A rose is more than a rose — in fact, almost every kind of flower is probably more than it might seem. Flowers are among the few symbols that have lasted in society, holding as much significance today as they did centuries ago, if perhaps for different reasons. Some flowers are long-standing expressions of romance, winning hearts and commemorating special occasions like anniversaries. Others are used to decorate venues for special events, whether those events are weddings or going away parties, and much more. Sadly, flowers aren’t always used to denote happy events. Many send flowers to make the bereaved feel better; just as often, flowers are laid at gravesites to remember those lost. Certainly, there is a special language to flowers, and flower bouquets in particular. Even if you don’t believe in that language or understand it yourself, everyone can appreciate well-arranged flower bouquets for their color coordination and scents. This is why many choose professional florists to create their flower bouquets. After all, a florist knows that spring bouquets are far cries from fall bouquets, and that wedding bouquets need to send a special message about the bride and groom’s personalities. Furthermore, many florists also offer flower deliveries. Let’s look into the language of flowers and why we send them — so you too will understand why a flower is more than just a flower.
The History Of Flowers: From Art To Currency
Flowers have long been used a means of expressing what isn’t always easy to put into words: emotion. A flower that dates 3,000 years back is the Madonna lily, known for being white with yellow stamen. This lily is widely known in part because of its use in works of art. The reason why it’s called the Madonna lily is its association with the Virgin Mary. White lilies in general are known for their symbolism of the Virgin Mary’s purity. As time passed, flowers continued to be used as symbols in art, and became cultural symbols as well. 17th century Holland became heavily associated with tulips — in fact, the money made off of tulips was so great that Holland was said to afflicted with “tulip mania” or “tulip fever” in the 1630s. Rare and cultivated tulips were coveted and sold for high prices, and are still considered icons of Holland. Tulips were symbolic of immortality, life, and love. They were a sort of currency in that time, especially coveted as their lifespans would only last three to seven days.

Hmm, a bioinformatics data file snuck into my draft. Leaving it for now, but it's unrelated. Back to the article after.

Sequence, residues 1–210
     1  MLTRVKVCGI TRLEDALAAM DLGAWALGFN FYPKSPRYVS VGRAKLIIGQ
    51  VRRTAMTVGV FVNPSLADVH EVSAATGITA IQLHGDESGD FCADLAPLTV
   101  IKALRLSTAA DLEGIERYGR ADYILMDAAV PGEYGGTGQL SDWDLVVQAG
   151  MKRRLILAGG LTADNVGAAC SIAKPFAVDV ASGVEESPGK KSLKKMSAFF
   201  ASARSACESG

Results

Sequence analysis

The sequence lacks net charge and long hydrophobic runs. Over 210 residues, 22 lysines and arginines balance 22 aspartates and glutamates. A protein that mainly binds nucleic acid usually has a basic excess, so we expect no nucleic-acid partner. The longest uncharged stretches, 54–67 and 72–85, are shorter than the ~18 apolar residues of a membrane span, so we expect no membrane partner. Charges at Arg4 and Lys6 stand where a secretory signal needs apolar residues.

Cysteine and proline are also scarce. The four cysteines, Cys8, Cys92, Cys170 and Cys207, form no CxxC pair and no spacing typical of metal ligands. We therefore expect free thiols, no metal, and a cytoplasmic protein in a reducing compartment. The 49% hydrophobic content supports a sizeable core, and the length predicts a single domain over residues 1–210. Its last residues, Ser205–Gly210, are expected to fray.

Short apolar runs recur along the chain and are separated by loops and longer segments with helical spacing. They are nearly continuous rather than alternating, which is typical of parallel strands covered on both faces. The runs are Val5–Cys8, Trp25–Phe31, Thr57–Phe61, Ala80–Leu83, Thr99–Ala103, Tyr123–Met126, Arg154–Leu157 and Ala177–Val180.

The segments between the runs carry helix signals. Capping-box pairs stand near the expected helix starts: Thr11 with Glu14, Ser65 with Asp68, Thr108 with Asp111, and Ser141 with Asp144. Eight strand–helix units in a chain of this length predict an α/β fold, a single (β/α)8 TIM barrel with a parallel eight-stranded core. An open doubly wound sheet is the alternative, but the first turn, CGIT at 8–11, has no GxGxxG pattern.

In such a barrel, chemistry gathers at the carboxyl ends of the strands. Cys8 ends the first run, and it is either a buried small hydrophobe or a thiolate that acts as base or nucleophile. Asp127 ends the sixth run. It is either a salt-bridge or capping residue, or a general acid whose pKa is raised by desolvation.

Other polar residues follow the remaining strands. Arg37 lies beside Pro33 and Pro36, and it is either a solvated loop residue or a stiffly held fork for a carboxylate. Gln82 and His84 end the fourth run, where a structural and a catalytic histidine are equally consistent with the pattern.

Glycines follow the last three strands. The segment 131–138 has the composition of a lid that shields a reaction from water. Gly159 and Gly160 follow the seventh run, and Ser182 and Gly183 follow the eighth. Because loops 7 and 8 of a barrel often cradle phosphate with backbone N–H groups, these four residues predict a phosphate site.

The Secrets Of Flowers: Their Special Language
Flower bouquets — and single flowers — are about much more than simple gifts. There are many hidden meanings to flowers, and they differ throughout countries and cultures. Sending a yellow flower — and particularly a yellow rose — is customary when someone is sick. For many in America, red roses are symbolic of love and passion, particularly if they’re a dozen red roses given together. However, a single red rose held in the hand is also heavily associated with socialism or social democracy. In Russia, love is best expressed through red tulips. And when it comes to carnations, different colors send different messages. Red carnations are said to symbolize deep love; white carnations symbolize pure love; and yellow carnations symbolize dejection. Even if you don’t believe in the specific language of flowers, they still send a message.
Giving Flowers: What People Really Think
The fact is that flowers are classic. They represent a lot of thought, and make people feel as if they’re special to the giver. In fact, 99% say that a person who gives flowers is thoughtful, and 89% say that givers of flowers are sophisticated. But it goes beyond the way flowers make you look — what matters is how the recipient feels. 86% say that receiving flowers makes them feel special, and 88% report that getting flowers instantly puts them in a better mood. Sometimes, it’s better to stick with the classic — and when it comes to flowers, that’s the case.